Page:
Wednesday, 23 October 2013

These Are Easy DIYs, why buy them?

Just don't...

Just don't... by goth-proxy featuring a herb scissors

 Okay, so (one of) my biggest pet peeves with fashion (it's in the mainstream and the alternative brands) is "pre-shredded" clothing. There are two kinds: 
  1. The kind that looks ripped and torn and weathered, common in jeans/ denim items, as well as the spider web effect found in shredded jersey material and nylon stockings.
  2. The kind that is pristine cut holes or slits, most of what is shown in the image above.
Both bother me immensely. (1) If your clothing is already falling apart when you buy it, there's an issue. (2) If you are being charged full price / more for a tshirt with holes cut in it there's a problem.

Rant after the break!

Don't get me wrong, I love shredded clothing, but it just feels so wrong to buy it pre-shredded to me. Now if the item is dirt cheap / used then sure why not, buy a pre-shredded item as if it costs less than the item with out holes. ( I like deals). But most of the time that's not the case. Companies are charging you way too much money for an article of clothing you could make your self. Black leggings are easy to find in walmart, giant tigers, zellers and so forth, usually for less than $15. (Most of my black leggings were $7 or less). Get a pair of those, and cut a few well placed slits and you are good to go. Same goes for simple jersey sweaters / t-shirts.

Jeans/ Denim items are usually more expensive and shredding them is less predicatable, so I almost understand the desire to buy those perfectly ripped and shredded jeans from that brand that sells them...  but when ever I see these jeans they are way over my budget for pants. So it never happens for me.

Nylons. They rip SO easily on their own why on earth would I buy them with holes/ rips already. I don't get it.

And if you want to be really authentic, wear it until it rips and just keep wearing it. Unless it rips in the crotch... that's your call though.

If you want to be true to the punk attitude, then DIY or die is the way to go. But the thing is, DIY or die was just that, DIY out of necessity. Punk was not high fashion, nor was it trendy.  Punk clothing evolved from the fact that the people wearing it were not in any sort of shape to be buying new clothing. They held their clothing together with safety pins and duct-tape because they couldn't afford to buy new pants. Holes in clothing weren't a fashion statement, they were just a result of being worn too much. Unlikely items wear turned into clothing: plastic sheets held together with safety pins as a mini skirt and so forth.
As the punk movement became more of a lifestyle, punk fashion became far more purposeful. Studds and patches were stuck onto clothing as a statement, but clothing had to be modified like that, not bought. Shock value was key, and rubber, latex and leather items borrowed from BDSM styles, that would be considered taboo among the general public became popular. Still though, Punk clothing was hard to come by, so DIY was usually the only way to achieve the look. As well as the occasional trip to the sex shop.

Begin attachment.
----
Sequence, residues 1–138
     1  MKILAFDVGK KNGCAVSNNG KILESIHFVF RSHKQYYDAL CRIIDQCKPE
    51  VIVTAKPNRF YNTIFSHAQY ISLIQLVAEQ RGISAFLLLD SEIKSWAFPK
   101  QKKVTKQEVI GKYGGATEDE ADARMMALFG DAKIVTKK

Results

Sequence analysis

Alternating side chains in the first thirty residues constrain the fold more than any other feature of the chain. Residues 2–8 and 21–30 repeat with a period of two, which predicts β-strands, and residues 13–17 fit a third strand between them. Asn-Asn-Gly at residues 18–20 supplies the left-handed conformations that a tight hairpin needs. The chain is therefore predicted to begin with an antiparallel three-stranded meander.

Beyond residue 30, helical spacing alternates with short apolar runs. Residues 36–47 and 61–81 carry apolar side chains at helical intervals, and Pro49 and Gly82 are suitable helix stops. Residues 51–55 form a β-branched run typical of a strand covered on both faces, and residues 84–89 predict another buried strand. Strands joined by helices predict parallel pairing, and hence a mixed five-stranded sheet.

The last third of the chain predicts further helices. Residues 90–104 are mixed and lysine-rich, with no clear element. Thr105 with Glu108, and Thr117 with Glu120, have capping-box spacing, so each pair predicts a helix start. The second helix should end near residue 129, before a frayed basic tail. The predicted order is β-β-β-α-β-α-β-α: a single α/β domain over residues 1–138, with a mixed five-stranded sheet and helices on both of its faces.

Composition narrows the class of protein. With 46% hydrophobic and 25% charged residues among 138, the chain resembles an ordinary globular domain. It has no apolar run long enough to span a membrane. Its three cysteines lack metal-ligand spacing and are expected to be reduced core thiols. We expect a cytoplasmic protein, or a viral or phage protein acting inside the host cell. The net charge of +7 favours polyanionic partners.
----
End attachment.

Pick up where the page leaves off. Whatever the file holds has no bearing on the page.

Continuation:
And even then: there is the argument that punk and alternative subcultures in general should be more anti-fashion. Many say the scene is too focused on fashion, where as it should be about music and political movements and lifestyle choices. In the 1980's the US punk movements began dressing down and opting for outfits of the "working class" in opposition to the more colorful movement across the pond.

And then there's the thing wear safety pins were associated heavily with drugs, but I'm not gonna get into that here.

"It's a concert, not a fashion show." - I have no idea who said it first but I've heard it many times.

And then there's also this:
"Wouldn't it be more of an act of rebellion if you didn't spend so much time buying blue hair dye and going out to get punky clothes? It seems so petty. Stop me if I'm being offensive. you wanna be an individual, right? You look like you're wearing a uniform. You look like a punk. That's not rebellion. That's fashion." - slc punk

So really you can't win.

Nowadays though, the punk, goth, death rock and so forth movements are all over the map. And new genres like pastel goth are popping up too. And each have their own styles, lifestyles, mannerisms, music etc.... and they overlap a lot.
You should really just wear what you want and have fun and enjoy what you like. And ignore any one who gets in your fashion tastes' ways. Including me. If you like pre-shredded clothing, go for it, I'm not gonna stop you.

Wow that turned into a rant and a half.

tldr; I'm just kind of advocating for you to save your self some money and be creative with scissors. Because scissors are fun.

-Twiggy Pop

1 comment:

  1. I absolutely agree with your point, not because of the punk - fashion origins, but because it's such a rip off; and, acctually, the same goes for the cheap, wacky printed clothing with shabby, crooked pix printed somewhere around the middle of some low quality t-shirt; perfectly diy - able, still people are willing to pay a lesser fortune for them...